|Posted on October 17, 2013 at 8:55 PM||comments (0)|
Mid October and I am already thinking about Christmas. Not the holiday planning but the holiday planning. You know the kind of planning I am thinking of - who is going where, when and for how long over Christmas. Daughters coming home from college and my autistic son staying busy while keeping the anticipation of Santa at bay. All prime for multiple meltdowns.
I think this year I will go about things differently. I think that I am going to keep my son as active and busy before Christmas as I can. But to do that I need to be prepared myself. Buy presents early, wrap early, hide em early, decorate early - see the theme.
I know there will be some last minute stuff but maybe, just maybe, I can get on top of it.
Break out the lists. Here I come!
|Posted on August 30, 2012 at 12:10 AM||comments (0)|
For Christmas, my autistic son asked to visit Walt Disney World again. It had been four years since our last visit and I truly doubted that I could afford it this year. With a great deal of research using the WDW website and anything I could find, I came to these financial absolutes -- ticket prices don't change or discount for anything. Yes, you could spend a day at sales pitch for a ticket but that was one day wasted on your vacation. Also, their resort is the best value due to the ability to use their transportation. They will transport you from the airport and to the parks saving on car rental as well as parking fees. And finally, once you are in the parks you are subject to their food costs which are astronimical.
So I worked and tweaked the budget to squeeze out airfare, ticket and hotel cost. But as my husband pointed out, we still couldn't afford the food. Until a unique offer came across my email - if you stay at the resort, you received a free meal plan for everyone! Yipee! Free food was the final push we needed to book the vacation.
So my first advice to anyone considering a Disney vacation - sign up for the email alerts and watch carefully. As soon as you see that free meal plan offer, jump on it. Wow, it was worth it.
More on that soon though . ..
|Posted on August 29, 2012 at 11:15 AM||comments (0)|
As any parent know packing for a vacation is like a puzzle. How do you fit it all into a tiny carryon for the plane?
Some of you may say, well just check your bags. But for my thrifty budget, I am unwilling to pay the additional 40 (there and back) on top of the airline fee. And there is the problem with space in a rental car - or even your car. Put it all in there and then some kids and you barely have room to turn around let alone reach for the navigation control to find the best route to the hotel. Just try plugging in the DVD player while reaching over the books, game devices, bags and shoes that accumulate in the backseat.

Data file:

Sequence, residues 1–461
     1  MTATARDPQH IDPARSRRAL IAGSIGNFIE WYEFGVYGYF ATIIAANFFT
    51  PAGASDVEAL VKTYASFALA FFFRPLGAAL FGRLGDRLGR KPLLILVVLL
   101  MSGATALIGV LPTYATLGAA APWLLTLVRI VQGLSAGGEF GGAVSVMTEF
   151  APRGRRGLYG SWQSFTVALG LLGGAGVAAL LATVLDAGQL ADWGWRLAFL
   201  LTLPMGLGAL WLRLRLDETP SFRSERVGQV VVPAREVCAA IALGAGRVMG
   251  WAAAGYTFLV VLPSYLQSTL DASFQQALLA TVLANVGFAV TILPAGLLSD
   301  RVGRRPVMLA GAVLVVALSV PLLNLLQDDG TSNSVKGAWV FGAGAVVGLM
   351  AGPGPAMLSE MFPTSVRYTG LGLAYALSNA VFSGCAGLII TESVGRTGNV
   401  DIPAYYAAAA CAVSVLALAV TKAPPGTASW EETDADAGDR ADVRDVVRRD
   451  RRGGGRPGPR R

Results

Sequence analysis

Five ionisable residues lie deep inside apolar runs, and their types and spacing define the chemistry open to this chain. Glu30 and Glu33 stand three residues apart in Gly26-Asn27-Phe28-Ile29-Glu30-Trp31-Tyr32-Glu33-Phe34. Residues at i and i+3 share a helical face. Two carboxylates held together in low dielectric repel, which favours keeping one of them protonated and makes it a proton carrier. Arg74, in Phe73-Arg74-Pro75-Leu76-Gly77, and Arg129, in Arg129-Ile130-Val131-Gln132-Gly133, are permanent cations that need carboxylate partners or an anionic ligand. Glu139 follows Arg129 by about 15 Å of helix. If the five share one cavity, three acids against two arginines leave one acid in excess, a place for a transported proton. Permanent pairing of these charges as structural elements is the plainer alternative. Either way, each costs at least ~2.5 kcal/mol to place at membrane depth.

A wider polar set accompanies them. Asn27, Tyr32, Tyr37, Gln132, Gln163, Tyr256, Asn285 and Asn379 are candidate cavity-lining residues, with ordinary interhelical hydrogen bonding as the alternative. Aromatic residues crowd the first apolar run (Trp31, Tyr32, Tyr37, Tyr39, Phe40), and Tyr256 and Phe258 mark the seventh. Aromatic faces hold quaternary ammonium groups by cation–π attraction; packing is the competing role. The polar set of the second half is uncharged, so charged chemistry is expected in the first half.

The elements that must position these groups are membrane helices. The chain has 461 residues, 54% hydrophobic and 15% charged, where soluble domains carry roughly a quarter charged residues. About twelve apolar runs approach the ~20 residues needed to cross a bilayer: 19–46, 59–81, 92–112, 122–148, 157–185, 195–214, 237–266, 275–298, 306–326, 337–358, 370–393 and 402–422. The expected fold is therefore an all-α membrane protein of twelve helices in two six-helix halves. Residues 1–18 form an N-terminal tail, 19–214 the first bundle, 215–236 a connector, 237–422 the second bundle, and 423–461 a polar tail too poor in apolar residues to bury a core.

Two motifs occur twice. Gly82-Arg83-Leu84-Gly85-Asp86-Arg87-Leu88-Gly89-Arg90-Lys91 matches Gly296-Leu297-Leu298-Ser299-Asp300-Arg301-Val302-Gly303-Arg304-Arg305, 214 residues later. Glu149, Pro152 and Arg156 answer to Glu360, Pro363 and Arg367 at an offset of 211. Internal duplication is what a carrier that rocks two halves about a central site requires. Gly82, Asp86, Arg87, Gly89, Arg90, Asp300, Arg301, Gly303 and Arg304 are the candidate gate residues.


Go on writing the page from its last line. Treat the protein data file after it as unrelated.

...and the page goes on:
So here is some advice from the website, Smarter Travel on five tips to pack a small bag - http://tinyurl.com/ckky9de
I also want to add the possiblity of dumping the purse. I used an back pack instead. It fit everything we needed plus my wallet and phone. I used every pocket and zipper. Plus, i gave everyone a backpack and they could take what they wanted if it fit in the bag and that was that.
Another consideration is the utility of zip lock bags. Anything that could leak in a bag goes in a zip. Toothbrushes/paste in a zip and in the hotel - dig for it in the bag, plop it on the counter and they kids are ready. Zip lock bags make great shower kits - small soap, shampoo, hand them out and they are ready to go.
One final caution, weigh your bag before you go to the airport. On our last trip, we were the family with the open suitcases rearranging all the stuff. Don't forget, jeans weigh at least five lbs!
Safe travels and have fun!
|Posted on August 27, 2012 at 11:55 AM||comments (0)|
Yes, it has been awhile since I posted a blog. Frankly I do have a great deal to write about but lack the motivation. Until now.
Something unique happened to me on a recent trip to New York City. I was there with family for my standard medical appointment - let's see if Mom's cancer returned - when out of boredom I spotted an interesting poster on the subway. The poster was promoting the city's "Summer Streets" where they close Park Avenue for three straight Saturday's in August for the morning only. If you planned it right and got there early you could also rent a bike for free.
So early it was at 7am when I stood in line for an hour (I was very tempted to walk away at this point.) I rented four bikes for myself as well as my husband, daughter and autistic son. We had one hour and calmly rode the bikes up Park Avenue. What an experience! To view the city from the view of a bike along the street.
Remember, I have one leg that doesn't work right and a son who tends to drift in attention. Yet this morning, we could take time and ride slowly and just enjoy the city. What an opportunity to spend time with him and have fun ourselves! He loves to ride bikes and he was fabulous on this excursion. The timing was right as well -- more than hour would have too much on my leg and my son.